Additionally, increased water consumption during the heat of the summer will increase excretion of urine. This will augment the loss of certain minerals, such as sodium, potassium and magnesium.

To maintain a mineral balance, provide a quality, properly balanced mineral mix that includes salt in a location that the cattle will consume it.

In addition to breeding, production and body condition benefits supplied to the cow, supplements can also potentially benefit fall-born calves.

Research suggests that the gestational nutrition of the dam imprints the lifetime genetic potential and performance of subsequent generations.

The performance of a calf is influenced not only by nutrition in-utero and immediately after birth but also by the prior fetal nutrition of both its dam and granddam.

For this reason, combined with the benefits provided to the cow, a year-round supplement plan should be created.

A proper nutrition program can enhance reproductive efficiency, cow body condition score and animal performance.

Speak with your local dealer, sales specialist and beef consulting nutritionist to
determine the appropriate supplementation for your cattle’s needs to optimize consistent intake and performance.  end_mark

References omitted due to space but are available upon request. Click here to email an editor.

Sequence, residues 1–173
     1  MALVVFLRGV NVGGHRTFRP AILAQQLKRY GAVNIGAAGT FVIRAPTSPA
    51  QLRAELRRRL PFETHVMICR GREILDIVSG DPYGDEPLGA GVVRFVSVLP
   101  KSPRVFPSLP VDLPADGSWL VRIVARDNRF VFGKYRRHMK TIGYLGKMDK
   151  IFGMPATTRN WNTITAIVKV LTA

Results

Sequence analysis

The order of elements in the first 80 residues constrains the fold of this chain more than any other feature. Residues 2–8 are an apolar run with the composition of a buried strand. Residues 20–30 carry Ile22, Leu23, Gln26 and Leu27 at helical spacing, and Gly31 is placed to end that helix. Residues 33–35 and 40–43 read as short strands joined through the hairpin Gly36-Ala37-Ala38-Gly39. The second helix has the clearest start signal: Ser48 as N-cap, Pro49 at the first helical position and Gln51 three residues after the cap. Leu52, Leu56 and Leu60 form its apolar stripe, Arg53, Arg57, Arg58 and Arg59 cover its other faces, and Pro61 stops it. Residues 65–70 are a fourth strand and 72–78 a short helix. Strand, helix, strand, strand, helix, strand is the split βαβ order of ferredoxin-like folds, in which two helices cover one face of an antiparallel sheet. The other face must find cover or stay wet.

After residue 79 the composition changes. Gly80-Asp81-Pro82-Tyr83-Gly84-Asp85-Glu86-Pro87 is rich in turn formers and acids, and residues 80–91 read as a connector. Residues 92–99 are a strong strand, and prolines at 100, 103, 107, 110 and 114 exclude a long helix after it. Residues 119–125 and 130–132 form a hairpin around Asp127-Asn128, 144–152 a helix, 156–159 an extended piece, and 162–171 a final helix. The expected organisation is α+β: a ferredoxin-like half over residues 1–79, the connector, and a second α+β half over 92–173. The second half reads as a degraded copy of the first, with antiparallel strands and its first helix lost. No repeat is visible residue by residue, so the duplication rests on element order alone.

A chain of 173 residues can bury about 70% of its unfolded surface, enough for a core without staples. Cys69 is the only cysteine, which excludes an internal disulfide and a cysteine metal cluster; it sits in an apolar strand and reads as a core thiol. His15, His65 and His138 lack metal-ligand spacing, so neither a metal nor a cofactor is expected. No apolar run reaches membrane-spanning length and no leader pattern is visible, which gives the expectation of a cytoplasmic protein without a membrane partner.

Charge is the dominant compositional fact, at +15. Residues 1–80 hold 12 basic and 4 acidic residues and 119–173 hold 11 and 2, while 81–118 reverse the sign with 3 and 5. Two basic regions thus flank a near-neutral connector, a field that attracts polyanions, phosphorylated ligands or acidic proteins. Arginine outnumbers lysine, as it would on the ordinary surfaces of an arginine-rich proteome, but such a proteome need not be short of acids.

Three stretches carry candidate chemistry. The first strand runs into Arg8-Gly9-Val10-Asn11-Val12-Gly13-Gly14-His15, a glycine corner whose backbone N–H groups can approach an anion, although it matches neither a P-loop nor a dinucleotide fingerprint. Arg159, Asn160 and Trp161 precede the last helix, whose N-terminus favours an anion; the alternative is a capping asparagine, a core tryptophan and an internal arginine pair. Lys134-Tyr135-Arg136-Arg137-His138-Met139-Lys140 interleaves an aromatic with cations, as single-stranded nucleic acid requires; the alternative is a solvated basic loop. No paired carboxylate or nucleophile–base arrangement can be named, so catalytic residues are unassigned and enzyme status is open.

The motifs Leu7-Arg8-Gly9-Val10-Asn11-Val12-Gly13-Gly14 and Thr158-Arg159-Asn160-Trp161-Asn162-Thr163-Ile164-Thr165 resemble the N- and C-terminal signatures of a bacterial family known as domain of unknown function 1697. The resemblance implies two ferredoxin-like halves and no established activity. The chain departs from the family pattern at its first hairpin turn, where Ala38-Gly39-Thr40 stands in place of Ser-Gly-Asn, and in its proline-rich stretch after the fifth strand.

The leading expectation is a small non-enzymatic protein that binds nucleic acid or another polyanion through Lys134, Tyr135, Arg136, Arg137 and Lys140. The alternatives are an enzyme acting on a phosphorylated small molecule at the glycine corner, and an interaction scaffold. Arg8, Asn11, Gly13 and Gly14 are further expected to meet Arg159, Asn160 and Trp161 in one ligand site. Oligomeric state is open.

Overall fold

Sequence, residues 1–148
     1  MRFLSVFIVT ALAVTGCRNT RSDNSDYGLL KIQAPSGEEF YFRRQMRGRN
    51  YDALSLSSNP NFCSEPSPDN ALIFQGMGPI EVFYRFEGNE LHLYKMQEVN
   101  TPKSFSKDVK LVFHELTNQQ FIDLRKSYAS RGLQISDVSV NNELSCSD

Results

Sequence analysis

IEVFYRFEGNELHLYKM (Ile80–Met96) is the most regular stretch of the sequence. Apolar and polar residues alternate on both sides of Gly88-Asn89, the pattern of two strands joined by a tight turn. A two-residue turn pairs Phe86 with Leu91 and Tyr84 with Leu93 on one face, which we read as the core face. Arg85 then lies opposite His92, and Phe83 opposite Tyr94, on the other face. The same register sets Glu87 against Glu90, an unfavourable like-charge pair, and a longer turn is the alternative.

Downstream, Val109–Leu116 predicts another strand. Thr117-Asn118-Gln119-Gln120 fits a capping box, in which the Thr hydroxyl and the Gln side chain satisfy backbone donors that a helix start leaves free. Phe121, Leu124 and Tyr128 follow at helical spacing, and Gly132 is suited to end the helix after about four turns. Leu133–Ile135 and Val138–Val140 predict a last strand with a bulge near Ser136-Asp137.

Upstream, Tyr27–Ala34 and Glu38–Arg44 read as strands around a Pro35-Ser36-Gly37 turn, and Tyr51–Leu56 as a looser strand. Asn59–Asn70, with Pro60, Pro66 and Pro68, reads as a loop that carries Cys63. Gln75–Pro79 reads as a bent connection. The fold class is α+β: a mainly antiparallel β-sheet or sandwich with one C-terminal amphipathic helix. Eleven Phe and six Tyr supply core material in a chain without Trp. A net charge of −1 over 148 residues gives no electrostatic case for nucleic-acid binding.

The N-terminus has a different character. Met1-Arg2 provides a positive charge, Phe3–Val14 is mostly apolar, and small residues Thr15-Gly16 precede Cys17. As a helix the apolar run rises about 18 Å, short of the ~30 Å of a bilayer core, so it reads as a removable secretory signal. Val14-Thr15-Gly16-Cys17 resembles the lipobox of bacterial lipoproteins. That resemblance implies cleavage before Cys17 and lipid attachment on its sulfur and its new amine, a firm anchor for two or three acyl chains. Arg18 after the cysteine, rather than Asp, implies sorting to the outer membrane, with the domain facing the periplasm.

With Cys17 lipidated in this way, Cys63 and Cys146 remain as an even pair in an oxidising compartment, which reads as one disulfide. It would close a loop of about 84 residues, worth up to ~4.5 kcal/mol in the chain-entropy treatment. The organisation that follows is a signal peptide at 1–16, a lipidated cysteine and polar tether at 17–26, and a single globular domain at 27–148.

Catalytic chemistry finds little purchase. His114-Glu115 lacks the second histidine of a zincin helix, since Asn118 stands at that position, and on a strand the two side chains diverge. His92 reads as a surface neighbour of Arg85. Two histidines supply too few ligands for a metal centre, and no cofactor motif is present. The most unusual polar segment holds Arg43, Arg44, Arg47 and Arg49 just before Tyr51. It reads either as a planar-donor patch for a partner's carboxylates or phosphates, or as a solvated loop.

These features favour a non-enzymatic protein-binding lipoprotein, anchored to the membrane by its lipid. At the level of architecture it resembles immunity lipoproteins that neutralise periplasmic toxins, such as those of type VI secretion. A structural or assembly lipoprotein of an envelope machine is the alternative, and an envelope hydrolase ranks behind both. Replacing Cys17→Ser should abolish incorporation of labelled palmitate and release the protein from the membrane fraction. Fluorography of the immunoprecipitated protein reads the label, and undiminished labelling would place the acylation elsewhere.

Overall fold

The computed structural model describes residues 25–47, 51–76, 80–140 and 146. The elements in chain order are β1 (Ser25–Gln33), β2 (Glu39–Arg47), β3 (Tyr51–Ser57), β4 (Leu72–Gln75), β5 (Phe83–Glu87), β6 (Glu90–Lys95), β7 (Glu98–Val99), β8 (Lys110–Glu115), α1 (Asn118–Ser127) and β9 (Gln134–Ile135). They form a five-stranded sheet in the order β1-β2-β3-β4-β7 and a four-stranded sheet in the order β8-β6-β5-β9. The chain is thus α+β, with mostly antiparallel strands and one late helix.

Utilize shade in the hottest parts of the day to cool cattle and free them from confined areas. Photo courtsey of Progressive Cattleman staff.

Heat stress prevention tips

The best way to prevent heat stress is to anticipate the problem, observe the cattle frequently and take necessary precautions before productivity drops. Tips to consider include:

  • Turn cattle out rather than keeping them confined if shade is available. Shade can be provided by trees, sunshades or access to an open building. If cows are indoors, adjust the ventilation in buildings to allow free air circulation.
  • Provide easy access to clean, cool drinking water. Check water sources frequently for problems and provide additional tank capacity as water intake increases. At temperatures above 80ºF, each cow may need in excess of two gallons of water per hour for each 100 pounds of bodyweight.
  • Consider the type of cattle you are working with. Cattle most at risk for heat stress include newly received cattle that have experienced a fair amount of weaning, processing and transportation stress; cattle that have been sick in the past and may have pre-existing lung damage; black or dark-hided cattle; cattle that are or have been grazing endophyte-infected fescue (typically taller fescue in late summer); older cows and heavy bred cows that will calve during the summer months.
  • Sort and move cattle only during the cool periods of the day (before 8 a.m.) using low-stress handling techniques. Ted Perry, marketing beef nutritionist with Land O’Lakes Purina Feed, LLC, estimates that it takes six hours to dissipate body heat when temperatures are low enough to allow cooling. During summer heat stress, this takes much longer. Holding and processing areas should have shade and sprinklers available.
  • Producers using managed intensive grazing are encouraged to rotate paddocks at a more rapid rate. Taller grass tends to be a cooler surface to maintain cattle on than pastures with shorter grass stands. Rotate cattle in the evening rather than the morning, as grass consumed in the evening will digest overnight and heat dissipation will be complete by mid-morning.

steven myers

Steven Myers

Consulting Beef Nutritionist
Land O’Lakes Purina Feed, LLC